A New Age of Ocean Exploration May Just Save Us

2013-10-01-Diamandis.jpg By Dr. Peter H. Diamandis
Dr. Peter H. Diamandis is the Chairman & CEO of XPRIZE

A renewed golden age of exploration in the 21st century might just be the key to a healthy and valued planet. Although we've already ignited unprecedented advances into space, there is still so much of our planet left unexplored. For starters, we know remarkably little about the ocean covering the majority of our planet's surface: almost 95% of our ocean remains undiscovered. The time is right to reignite the discovery of new places and new knowledge here on Earth, as individuals are now empowered more than ever to do what was only possible by governments and large corporations.


Before humans explored frontiers beyond our atmosphere, they sought out frontiers here on our own planet. And the history of ocean exploration is one that reminds us that we have always longed to explore the unknown, and that innovative and ambitious explorers will push those horizons no matter what. Yet with reduced government spending, especially in comparison to space exploration, and the fact that the ocean is not owned by one specific entity, there is a void. What will catalyze ocean exploration? Who will steward the ocean and dive to its depths to uncover its mysteries?

There was a long-held notion that audacious exploration needed primary support from the government. When we launched the Ansari XPRIZE in 1996, many scoffed at the idea that private citizens, using private financing, could build innovative spacecraft that successfully launch into space. Their response to what we were attempting to achieve often makes me think of a quote, "Some men see things as they are and ask why. Others dream things that never were and ask why not." — George Bernard Shaw. Our proof is the new market that developed with the Ansari XPRIZE; private space transport is now a $1.5 billion industry. It's clear that exploration in the 21st century is not just for government-supported programs anymore.

We must remember that for most of human history, exploration was driven primarily by private industry. It wasn't until the mid-20th century that most research and development was funded directly by large governmental grant programs. Even famous government-sponsored ocean explorations provide a history lesson we can use to ignite this new Age of Exploration. Consider the journeys of Christopher Columbus. Long before state sponsorship from Ferdinand and Isabella of Spain, Columbus secured most of his financial backing from diverse private sources.

Which is why XPRIZE is in a unique position to not only galvanize the community of ocean innovators but also thought leaders, government agencies, industry, philanthropists and advocates in service of a bold vision for the future of the ocean, one that is healthy, valued, and understood. This is really just a return to previous patterns of success rather than a huge shift in how exploration is conducted.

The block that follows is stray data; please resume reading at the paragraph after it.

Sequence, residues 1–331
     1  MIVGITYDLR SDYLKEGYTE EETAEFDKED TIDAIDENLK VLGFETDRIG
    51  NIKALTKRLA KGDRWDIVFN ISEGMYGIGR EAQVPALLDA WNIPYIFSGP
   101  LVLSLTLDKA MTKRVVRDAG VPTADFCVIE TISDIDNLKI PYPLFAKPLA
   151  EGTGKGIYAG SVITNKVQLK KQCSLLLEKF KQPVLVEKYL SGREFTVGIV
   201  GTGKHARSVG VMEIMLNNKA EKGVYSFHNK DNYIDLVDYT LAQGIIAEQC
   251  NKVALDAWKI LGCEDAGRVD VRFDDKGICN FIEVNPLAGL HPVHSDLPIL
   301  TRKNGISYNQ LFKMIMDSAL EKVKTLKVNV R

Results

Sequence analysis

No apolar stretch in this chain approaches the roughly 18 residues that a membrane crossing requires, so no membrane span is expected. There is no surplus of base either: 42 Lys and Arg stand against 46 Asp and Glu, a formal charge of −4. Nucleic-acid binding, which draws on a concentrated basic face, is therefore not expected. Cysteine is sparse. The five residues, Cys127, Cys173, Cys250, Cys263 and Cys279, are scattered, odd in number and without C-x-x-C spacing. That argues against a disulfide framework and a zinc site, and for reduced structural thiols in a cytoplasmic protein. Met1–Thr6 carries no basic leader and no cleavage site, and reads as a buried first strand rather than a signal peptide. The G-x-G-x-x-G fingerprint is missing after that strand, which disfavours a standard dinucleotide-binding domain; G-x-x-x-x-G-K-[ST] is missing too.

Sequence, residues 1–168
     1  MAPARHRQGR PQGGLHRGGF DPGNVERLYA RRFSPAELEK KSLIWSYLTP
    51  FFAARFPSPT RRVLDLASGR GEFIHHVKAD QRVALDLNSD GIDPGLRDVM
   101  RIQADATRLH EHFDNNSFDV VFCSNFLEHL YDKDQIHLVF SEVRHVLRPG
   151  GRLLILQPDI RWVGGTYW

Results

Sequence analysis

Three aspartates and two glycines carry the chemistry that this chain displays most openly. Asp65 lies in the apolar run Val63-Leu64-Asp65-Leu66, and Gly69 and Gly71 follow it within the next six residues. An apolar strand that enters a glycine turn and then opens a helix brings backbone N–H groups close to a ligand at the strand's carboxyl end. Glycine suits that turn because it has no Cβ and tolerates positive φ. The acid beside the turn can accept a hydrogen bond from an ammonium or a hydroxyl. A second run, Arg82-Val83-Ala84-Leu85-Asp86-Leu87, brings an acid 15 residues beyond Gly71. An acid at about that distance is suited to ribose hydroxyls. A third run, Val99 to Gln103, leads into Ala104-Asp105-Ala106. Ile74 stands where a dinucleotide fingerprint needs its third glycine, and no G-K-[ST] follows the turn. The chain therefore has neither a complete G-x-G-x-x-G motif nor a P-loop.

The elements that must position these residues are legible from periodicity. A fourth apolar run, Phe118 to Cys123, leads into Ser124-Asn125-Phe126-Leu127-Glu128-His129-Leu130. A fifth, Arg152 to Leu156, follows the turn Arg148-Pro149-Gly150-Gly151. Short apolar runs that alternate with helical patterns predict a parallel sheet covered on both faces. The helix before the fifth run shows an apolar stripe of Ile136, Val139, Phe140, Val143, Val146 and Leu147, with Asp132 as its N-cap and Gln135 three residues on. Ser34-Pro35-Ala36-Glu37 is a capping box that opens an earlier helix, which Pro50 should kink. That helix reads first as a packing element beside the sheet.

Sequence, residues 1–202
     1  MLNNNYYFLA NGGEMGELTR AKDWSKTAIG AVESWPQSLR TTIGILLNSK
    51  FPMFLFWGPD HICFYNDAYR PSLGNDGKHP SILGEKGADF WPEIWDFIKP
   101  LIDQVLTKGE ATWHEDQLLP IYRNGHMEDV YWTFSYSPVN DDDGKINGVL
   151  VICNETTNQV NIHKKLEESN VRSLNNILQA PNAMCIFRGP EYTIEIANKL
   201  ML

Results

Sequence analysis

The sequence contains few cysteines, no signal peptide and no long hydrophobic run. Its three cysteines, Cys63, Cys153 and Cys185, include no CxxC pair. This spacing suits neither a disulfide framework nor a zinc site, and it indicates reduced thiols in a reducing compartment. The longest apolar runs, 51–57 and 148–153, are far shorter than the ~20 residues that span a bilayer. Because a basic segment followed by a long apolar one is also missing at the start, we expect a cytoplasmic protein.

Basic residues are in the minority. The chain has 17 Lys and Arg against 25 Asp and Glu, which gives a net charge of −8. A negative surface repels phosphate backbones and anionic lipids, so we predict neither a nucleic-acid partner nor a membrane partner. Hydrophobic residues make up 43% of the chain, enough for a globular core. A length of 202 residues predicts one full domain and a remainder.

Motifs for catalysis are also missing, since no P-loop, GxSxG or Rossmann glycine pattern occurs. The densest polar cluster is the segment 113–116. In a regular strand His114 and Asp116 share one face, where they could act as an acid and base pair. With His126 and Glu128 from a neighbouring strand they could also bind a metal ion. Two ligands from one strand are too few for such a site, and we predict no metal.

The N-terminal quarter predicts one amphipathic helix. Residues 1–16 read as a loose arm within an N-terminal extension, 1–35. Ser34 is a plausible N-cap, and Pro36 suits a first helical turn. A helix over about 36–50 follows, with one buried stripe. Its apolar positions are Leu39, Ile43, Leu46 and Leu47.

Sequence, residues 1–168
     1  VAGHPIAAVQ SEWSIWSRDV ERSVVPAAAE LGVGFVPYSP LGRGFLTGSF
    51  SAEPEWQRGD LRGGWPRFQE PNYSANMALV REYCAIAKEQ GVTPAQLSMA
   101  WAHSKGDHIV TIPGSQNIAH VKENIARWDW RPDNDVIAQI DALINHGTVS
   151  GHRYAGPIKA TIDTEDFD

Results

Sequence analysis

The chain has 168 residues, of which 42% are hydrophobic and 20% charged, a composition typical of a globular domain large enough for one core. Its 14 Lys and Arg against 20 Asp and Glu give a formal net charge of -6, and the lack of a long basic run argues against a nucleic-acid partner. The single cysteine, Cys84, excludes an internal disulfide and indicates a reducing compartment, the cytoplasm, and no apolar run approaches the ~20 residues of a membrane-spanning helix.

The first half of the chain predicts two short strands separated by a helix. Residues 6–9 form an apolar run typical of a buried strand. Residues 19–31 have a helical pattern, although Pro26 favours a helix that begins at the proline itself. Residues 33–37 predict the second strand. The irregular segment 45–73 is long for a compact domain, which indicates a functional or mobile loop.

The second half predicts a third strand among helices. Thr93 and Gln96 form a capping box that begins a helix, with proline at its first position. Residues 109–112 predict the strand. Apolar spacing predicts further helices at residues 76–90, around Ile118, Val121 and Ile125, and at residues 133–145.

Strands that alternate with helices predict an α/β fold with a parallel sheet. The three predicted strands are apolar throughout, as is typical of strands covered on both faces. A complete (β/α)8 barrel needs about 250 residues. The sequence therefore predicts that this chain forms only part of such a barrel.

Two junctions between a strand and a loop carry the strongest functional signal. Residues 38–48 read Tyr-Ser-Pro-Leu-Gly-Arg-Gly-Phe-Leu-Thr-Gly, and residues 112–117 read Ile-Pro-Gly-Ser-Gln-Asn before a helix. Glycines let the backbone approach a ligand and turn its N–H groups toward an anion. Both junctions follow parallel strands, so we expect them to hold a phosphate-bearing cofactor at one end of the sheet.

With the challenges we currently face, environmentally and economically, we cannot leave exploration of our blue planet up to governments alone. Instead, quite the opposite: We need to crowdsource innovators from around the globe to take up the charge of discovering the secrets our ocean holds, while working to preserve it.

Consider the challenges facing the ocean: carbon dioxide absorbed from the atmosphere has made the ocean 30% more acidic than it was just 200 years ago, with devastating consequences for corals, mollusks, fish, and entire ecosystems. Pollution from plastics to fertilizers creates massive "dead zones" and swirling gyres of garbage that further sicken the seas upon which the health of the planet depends. Unabated overfishing has shown that 90% of the big fish in the sea are now gone.

How can we turn back this tide of challenges affecting the health of our ocean unless we first value the ocean? And valuing it means not just taking a personal interest, but taking the time to understand the challenges and creating real incentives, particularly financial incentives, behind the sustainable use of our ocean.

By building industries that have a vested interest in the ocean, we stand a much better chance of protecting the health of the planet. This is the model of XPRIZE: to catalyze industries that not only build economies based on new frontiers, but industries that become the leaders in serving humanity's needs now and in the future.

There is a very real opportunity with our ocean to build these industries. Because they remain unexplored, there is tremendous value still ready to be discovered. Indeed, the opportunities for things like pharmaceuticals from deep-sea creatures bring us new biochemical discoveries from nearly every deep-sea mission. And with an estimated 91% of sea life still unknown, this gives us a literal ocean of opportunity to discover more.

By properly measuring and documenting the chemical and physical characteristics of our seas, we can initiate whole new industries in ocean services - the type of data-driven information and forecasting that can be used by every company dependent on the ocean, from tourism to trade to weather services.

I believe now is the critical time to ignite a new age of ocean exploration. At XPRIZE we recently launched our second ocean prize, the Wendy Schmidt Ocean Health XPRIZE, to spur development of breakthroughs in pH measuring tools that explore the chemistry of our seas. And we are, for the first time, committing to launch three additional ocean prizes by 2020. Because we trust that by harnessing the power of innovation, and the dreams of explorers around the world, valuable new discoveries can help us achieve a healthy ocean.

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